It’s nothing against you, Alfred Enoch. But as your TV love interest, How To Get Away With Murder‘s Katie Findlay says getting naked in front of America is “never not weird.” Despite some awkwardness, Findlay and the rest of the Murder cast are handling the show’s risqué scenes like champs, helping Shonda Rhimes create a groundbreaking freshman series.
The spunky, down-to-earth actress gave VH1 a peak at the day in the life of Murder‘s Rebecca, and what it’s like not only being a part of Shondaland, but working with such a HOT cast. We’re talking to you, Alfred, Jack Falahee, and Matt McGorry. We may have even asked her to play a little round of Smash, Marry, Kill…
VH1: Congratulations on the show being such a huge success! How are you feeling about it all?
Thank you! I’m great! We sort of just hide away in our little studio and do our jobs and have a nice time together. We sort of forget, I think, that the rest of the world is seeing it, too. Day to day, it’s awfully quiet and then every once a while, we step out and realize how noisy it is out here. It’s a little bit of a moment.
When I interviewed Jack, he said that you guys really don’t know that much of what’s going to be happening in advance.
Yea that’s true.
Is not knowing how everything will unravel for your character difficult?
Sometimes! It really challenges your urge as an actor to always know exactly what’s going on. But when you think about it, people going through their lives aren’t internally prepared for every emotional situation they’re going to be in. I’ve started to just embrace it and play what’s in front of me and try to understand this goal, rather than understand every single second what’s going on, because in real life, she wouldn’t.
Do you feel like you identify with Rebecca?
I do in some ways. Something that was hard for me about playing Rebecca is [that] I see her as someone who has grown up without a support system, and I’m not like that. I have a wonderful family, and I can come crying to my mother and she’ll set me straight no matter what. I look at Rebecca as somebody who’s been disapproved of [for] so much her entire life [that] it started to form the fabric of who she actually is. Everything she does is just to make sure that she survives; it’s not out of selfishness or malice for other people. She just never had a reason to stop looking out for herself, and let someone else do it. It actually took a lot of work and a lot of putting myself in that place to figure that out about her. But I am really sarcastic and I do wear a lot of black…
How do you feel about the show’s sex scenes? Are you comfortable shooting them?
I’m a very awkward person generally, so I will admit to being really uncomfortable and anxious and nervous, and not wanting to do anything wrong or make anything weird. Alfie is a wonderful person. He’s a great guy so… actually if this is going down verbatim, just say that he’s terrible, just terrible! But no, he’s great and we work really well together, and it’s really not horrible when you’re [part of] a cast who understand each other. We all talk and we’re all friends. I mean, it is weird pretending to be naked in front of 20 people, while people instruct you on the proper way to, you know, mack on someone who you [just] had lunch with.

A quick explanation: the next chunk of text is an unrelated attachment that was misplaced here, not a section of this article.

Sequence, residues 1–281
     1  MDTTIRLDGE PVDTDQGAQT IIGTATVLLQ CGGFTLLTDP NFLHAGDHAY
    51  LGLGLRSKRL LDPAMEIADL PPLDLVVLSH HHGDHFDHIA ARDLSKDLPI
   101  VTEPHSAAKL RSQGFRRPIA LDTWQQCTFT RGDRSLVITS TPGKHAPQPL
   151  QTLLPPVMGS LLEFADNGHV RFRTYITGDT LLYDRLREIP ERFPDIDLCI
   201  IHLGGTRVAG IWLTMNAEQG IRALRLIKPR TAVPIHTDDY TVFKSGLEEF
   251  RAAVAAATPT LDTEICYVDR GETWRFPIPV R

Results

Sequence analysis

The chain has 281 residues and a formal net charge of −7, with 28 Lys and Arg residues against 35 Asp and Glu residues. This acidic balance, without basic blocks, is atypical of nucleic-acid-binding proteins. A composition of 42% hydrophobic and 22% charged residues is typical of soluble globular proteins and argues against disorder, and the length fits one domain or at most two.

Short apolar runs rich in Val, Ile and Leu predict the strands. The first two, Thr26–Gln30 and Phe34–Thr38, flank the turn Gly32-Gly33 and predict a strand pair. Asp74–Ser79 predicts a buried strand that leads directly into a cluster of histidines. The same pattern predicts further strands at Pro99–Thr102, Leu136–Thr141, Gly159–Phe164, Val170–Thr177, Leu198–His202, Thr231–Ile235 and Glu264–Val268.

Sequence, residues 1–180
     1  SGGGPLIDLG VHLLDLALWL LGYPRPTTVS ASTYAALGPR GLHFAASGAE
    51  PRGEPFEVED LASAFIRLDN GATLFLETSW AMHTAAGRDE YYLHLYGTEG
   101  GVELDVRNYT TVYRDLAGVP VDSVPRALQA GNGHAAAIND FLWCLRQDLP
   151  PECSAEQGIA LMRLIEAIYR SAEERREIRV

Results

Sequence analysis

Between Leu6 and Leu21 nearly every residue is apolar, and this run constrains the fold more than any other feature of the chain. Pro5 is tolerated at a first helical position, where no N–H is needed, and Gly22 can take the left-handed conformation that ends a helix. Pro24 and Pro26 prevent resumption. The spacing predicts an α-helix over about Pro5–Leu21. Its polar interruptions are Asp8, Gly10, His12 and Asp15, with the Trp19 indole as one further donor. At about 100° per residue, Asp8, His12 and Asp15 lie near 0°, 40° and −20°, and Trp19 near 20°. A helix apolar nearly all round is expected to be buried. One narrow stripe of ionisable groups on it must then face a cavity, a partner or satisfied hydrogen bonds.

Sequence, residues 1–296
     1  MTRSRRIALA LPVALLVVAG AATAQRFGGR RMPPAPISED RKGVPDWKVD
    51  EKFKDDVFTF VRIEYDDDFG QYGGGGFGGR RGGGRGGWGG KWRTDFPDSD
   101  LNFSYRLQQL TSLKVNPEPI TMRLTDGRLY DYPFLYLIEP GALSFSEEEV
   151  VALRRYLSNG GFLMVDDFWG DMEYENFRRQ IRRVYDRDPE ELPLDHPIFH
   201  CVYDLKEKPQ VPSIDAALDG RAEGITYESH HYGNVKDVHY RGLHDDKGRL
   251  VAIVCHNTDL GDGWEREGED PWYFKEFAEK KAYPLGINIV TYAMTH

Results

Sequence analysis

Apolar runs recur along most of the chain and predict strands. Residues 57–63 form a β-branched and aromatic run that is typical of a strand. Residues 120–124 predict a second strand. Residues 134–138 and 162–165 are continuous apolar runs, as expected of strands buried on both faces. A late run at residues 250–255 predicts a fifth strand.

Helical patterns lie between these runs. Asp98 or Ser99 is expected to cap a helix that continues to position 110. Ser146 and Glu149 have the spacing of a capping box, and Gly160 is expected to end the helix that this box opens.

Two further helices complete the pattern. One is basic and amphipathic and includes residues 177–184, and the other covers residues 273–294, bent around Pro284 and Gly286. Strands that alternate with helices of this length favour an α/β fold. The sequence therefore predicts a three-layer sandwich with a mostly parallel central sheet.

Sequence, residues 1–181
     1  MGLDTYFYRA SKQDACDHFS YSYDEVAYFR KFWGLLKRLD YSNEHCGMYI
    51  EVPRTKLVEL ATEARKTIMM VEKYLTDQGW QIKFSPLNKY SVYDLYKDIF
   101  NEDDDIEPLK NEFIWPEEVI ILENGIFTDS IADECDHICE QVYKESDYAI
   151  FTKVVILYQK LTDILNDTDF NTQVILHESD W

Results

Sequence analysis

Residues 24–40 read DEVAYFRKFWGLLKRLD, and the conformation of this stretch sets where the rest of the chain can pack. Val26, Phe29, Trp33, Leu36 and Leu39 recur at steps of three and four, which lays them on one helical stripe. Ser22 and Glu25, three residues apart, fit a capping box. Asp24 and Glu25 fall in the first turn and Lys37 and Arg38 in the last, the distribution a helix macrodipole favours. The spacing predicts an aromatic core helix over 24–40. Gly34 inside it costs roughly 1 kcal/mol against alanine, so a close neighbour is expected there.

It’s really not romantic at all.
It really feels like work, and it’s actually quite funny a lot of the time, because all it takes is one little thing to shake the moment up and then you start laughing because you realize what you’re doing. You know, someone going, “No, no, don’t touch her that way! Kiss here so that we see more of your face!” And it’s just too funny and truly uncomfortable in my experience. Things get weird. Getting naked in front of what you then later realize is 9.3 million people is never not weird for me, personally.
Are you surprised with how much hype this show is getting in terms of all the sex?
I mean, I’m not really surprised because I know Shondaland. I know [its] shows get a lot of hype and attention and it’s always very community-involved and people like to get into it. People are more remarking on the fact there is gay sex and straight sex on the show that’s given the same amount of time and the same amount of normalcy. It’s just treated like two people wanting each other rather than a big deal, and I think that when you don’t see something very much, it is shocking and noteworthy when it finally comes down the pipes.
Do you feel like it was necessary for this to happen? It must be a cool feeling being a part of this because it’s almost a movement in a way.
It is! I’m happy to be on the show where all different kinds of people are allowed to love all different kinds of people. People are allowed to just look the way that they look — everyone on the show comes from somewhere different, has a different body, wants different things. You know, Viola [Davis] taking off her wig, and her makeup and just being this beautiful woman on screen, unadorned, was really amazing to watch. I think that it’s good to remind people that everyone is here and we’re all here together. If you’re out in the world, you should be able to look at the television and see someone who reminds you of you — someone that you can relate to, a situation you can relate to — and I think the scope of that has gotten smaller. I think that Murder is making a new path.